Looking Out for our Future Self
From the Headmaster's Desk, September 18, 2018
This morning, I want you to think about three versions of yourself.
The first version of yourself is the past one. What were you like 10, 15 years ago? For teachers, this might be what you were like 20 or 30 years ago.
Perhaps remember a time that this former version of yourself did something silly? Sometimes we can look back and laugh at ourselves, even if we do not laugh at the time.
I remember things Mr Elzinga did 25 years ago that were quite silly, before I was ever called Mr Elzinga. Like that time I jumped off the balcony of the loft in my parents’ house and landed on the sofa and broke all the springs. I didn’t think my parents would notice. They did. I was quite naïve and foolish, lucky not to have been seriously hurt, and I was grounded for a long time.
Anyway, that was my past self. The current Mr Elzinga would never do anything so foolish. Now I want you to think about your future self. What will you be like in 5, 10 or 25 years’ time?
Sometimes I worry that I run too much, and the future Mr Elzinga is going to have bad knees. Like many adults, I also worry I’m not saving enough for my retirement and, in an attempt at a bad joke, I could say, ‘Well, poor Mr Elzinga, he’ll have to worry about his knees and retirement in years ahead, but these are not this Mr Elzinga’s problems’.
Whilst we can look back at our previous self, and look forward to our future self, both of these exercises are quite hard work. It is hard to imagine yourself in any moment other than the moment that you are actually in.
And this is quite natural. As human beings, we have what is called ‘present bias’. This means we naturally tend to concern ourselves with our immediate needs and desires, rather than our long-term needs and desires.
Many studies have shown that this ‘present bias’ is a form of procrastination. It is part of what makes saving for retirement difficult, why people end up with credit card debt, overweight, addicted to smoking (‘I’ll quit next year’) or why students put off revising or writing that essay until the last minute. The immediate gratification we desire in the moment often outweighs the rational bit of the brain that tells us we should resist or wait, or plan for the future.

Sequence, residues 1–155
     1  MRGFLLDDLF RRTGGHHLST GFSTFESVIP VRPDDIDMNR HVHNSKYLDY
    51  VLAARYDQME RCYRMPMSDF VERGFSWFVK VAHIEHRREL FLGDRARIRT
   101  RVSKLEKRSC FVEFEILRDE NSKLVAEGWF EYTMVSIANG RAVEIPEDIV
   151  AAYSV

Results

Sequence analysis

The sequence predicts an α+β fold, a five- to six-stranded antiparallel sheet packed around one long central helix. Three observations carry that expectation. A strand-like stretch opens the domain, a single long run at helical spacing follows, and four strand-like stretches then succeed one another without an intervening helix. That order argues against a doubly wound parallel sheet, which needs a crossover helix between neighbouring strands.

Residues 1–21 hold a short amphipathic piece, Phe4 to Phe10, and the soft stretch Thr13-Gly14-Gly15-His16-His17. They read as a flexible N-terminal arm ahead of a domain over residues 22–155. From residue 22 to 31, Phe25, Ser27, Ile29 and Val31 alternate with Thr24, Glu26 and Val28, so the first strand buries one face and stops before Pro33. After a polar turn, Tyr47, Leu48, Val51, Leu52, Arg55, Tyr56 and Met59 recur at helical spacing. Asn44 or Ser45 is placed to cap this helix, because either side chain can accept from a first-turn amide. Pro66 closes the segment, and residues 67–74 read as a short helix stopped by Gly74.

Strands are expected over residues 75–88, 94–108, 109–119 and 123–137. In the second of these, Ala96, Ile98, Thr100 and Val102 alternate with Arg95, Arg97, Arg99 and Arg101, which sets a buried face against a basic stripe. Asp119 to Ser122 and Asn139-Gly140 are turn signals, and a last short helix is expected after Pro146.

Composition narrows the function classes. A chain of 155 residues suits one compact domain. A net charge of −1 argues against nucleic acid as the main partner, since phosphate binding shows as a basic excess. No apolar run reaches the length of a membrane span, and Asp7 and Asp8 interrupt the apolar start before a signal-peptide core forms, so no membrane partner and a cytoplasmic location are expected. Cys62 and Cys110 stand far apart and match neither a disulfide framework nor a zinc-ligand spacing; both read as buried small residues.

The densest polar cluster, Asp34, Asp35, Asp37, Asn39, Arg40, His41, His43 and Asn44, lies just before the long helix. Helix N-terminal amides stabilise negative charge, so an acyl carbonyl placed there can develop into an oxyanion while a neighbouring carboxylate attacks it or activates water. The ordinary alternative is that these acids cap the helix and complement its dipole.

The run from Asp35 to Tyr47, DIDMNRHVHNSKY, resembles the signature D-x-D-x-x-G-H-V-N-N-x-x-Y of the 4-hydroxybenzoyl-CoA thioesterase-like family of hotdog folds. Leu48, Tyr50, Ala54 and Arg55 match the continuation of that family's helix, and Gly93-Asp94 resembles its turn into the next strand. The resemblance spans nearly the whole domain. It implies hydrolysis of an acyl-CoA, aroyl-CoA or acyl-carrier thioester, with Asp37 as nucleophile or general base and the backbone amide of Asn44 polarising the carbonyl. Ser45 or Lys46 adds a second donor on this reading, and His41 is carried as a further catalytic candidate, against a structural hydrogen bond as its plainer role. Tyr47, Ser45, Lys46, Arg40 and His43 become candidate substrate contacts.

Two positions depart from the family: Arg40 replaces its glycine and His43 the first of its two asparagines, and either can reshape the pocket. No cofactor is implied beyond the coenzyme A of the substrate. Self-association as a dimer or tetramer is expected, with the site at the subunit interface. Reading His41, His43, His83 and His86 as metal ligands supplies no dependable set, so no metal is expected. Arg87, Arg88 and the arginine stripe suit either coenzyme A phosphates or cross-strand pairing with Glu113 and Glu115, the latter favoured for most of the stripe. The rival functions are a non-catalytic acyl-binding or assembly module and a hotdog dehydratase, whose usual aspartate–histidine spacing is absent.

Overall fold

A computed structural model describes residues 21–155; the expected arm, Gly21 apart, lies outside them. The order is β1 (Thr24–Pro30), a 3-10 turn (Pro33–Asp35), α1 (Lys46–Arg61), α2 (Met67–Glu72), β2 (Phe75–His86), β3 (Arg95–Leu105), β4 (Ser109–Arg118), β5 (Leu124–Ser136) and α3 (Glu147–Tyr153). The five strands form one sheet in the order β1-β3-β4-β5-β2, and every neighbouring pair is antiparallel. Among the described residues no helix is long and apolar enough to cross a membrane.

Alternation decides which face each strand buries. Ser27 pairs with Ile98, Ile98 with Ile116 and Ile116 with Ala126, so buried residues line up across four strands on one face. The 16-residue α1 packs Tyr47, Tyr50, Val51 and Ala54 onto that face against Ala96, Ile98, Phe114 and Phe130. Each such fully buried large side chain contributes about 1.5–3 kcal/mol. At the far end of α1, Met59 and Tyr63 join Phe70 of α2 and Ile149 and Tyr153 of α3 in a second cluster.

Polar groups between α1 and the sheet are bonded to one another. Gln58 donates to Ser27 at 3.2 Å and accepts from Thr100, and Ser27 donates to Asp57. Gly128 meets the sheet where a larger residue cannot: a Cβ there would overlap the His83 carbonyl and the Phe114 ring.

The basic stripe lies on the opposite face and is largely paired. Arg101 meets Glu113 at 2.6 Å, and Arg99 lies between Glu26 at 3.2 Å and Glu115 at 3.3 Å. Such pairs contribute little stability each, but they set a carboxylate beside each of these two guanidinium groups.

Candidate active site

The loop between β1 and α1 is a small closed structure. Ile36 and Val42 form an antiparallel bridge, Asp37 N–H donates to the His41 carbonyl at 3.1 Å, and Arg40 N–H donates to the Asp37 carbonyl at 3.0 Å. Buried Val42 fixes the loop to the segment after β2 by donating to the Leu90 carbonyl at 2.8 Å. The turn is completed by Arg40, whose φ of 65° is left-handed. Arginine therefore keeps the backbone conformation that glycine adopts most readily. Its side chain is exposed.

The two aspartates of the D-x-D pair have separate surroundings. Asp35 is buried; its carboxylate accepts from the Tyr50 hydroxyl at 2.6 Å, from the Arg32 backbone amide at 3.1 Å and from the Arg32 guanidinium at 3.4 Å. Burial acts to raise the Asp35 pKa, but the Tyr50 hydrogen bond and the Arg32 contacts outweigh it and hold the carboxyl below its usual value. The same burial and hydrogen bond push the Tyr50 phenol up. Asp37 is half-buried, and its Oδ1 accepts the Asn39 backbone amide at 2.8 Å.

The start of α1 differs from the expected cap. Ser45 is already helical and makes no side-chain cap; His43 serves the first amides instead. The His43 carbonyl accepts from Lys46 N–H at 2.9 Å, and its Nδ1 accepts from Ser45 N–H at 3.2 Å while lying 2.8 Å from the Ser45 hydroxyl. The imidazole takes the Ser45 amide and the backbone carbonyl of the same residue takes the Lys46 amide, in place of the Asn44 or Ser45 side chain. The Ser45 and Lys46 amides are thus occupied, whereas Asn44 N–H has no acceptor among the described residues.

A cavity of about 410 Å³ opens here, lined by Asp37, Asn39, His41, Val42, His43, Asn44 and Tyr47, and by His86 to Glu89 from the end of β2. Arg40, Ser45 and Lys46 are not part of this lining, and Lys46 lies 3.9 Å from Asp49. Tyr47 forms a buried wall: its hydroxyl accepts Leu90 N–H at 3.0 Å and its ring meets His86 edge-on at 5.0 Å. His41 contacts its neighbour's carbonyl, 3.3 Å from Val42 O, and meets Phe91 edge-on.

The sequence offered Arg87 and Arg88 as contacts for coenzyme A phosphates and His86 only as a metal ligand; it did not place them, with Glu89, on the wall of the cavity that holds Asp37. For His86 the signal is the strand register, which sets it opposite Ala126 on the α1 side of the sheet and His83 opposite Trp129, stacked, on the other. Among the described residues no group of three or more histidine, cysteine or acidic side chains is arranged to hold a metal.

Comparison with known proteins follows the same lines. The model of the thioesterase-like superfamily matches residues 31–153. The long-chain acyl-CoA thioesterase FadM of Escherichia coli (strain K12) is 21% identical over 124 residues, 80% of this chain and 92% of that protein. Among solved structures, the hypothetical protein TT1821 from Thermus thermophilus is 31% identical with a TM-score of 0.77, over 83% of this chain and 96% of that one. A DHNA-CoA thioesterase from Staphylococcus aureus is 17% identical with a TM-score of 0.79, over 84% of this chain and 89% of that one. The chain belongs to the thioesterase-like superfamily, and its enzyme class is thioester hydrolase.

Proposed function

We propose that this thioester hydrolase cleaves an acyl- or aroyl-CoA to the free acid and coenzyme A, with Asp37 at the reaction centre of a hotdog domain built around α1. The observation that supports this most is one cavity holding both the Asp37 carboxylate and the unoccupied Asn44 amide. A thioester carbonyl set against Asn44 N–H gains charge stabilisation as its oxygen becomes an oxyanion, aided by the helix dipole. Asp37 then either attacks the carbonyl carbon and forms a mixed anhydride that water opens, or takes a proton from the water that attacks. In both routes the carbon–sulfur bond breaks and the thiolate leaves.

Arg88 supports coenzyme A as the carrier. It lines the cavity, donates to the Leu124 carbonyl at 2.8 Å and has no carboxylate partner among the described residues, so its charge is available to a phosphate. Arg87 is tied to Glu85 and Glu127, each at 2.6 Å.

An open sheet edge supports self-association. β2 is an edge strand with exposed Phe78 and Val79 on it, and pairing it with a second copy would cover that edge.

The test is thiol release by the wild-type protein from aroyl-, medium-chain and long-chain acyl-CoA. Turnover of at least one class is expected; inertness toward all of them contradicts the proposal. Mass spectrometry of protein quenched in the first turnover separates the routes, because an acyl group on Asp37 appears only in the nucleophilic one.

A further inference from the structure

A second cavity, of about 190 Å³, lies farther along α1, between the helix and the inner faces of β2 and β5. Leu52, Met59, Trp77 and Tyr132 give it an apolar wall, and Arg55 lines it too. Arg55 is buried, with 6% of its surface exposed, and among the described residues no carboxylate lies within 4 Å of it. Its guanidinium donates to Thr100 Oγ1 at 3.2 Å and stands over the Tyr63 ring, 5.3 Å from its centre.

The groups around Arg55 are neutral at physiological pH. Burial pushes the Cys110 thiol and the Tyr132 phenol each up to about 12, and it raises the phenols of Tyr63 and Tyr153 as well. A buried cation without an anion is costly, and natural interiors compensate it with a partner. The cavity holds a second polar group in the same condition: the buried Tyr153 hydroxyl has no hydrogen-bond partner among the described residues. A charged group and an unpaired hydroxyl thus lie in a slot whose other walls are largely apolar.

There are even studies that show most people would prefer to have £100 right now, today, instead of waiting for tomorrow for £110. People habitually choose a smaller-sooner reward over a larger-later reward. This is natural, in a way. We want rewards sooner, not later.
But of course, not taking care of our future self is counterproductive behaviour. We are damaging our future self and we act like we don’t care. Why?
Well, some studies suggest we are able to do this because we perceive our future selves as total strangers. We brush off our responsibilities because our brain unconsciously believes that the future problems are not ours, but those of an actual stranger.
So how do we get better at taking care of our future self? Apparently it can be quite simple – it only requires imagining what a ‘future happy you’ looks like. Rather than the unhappy cousin – the ‘future unhappy you’.
Studies have found that when we show people a digitally altered image of themselves at retirement age, they are more likely to save for retirement. When people were shown a future image of themselves looking healthy and exercising, they were more likely to exercise to be like this. When you show smokers an image of their future self with lung disease or heart disease, it makes them more likely to quit smoking.
Of course, this is applicable for students in school as well. Many of you are already working towards mocks or end of year exams, be they internal exams or public exams. The research shows that if you revise a little every day, especially what you just studied earlier in the day, then you are more likely to remember it. It is much better to do a little revision every day than to wait until the end of the year and try to cram it all in at the last minute – your brain does not work as well using this technique. It is also important to sleep enough – when you sleep, your brain processes what you learned that day and then you remember more. If you don’t sleep enough you won’t remember this much.
So maybe this week, even if you don’t have homework, go home and re-read what you went over in the lesson that day. Spend a few minutes with your notes or textbook. And be sure to sleep well.
And, as per the exercise we already did this morning, imagine what you want to look or feel like on results day. What does that future you look like – perhaps work a little harder today or this week just to make that future you a little bit better off than they would be otherwise. You might just find that you look back and thank yourself.
I hope that your present self has a great week, and keep looking after your future self as well.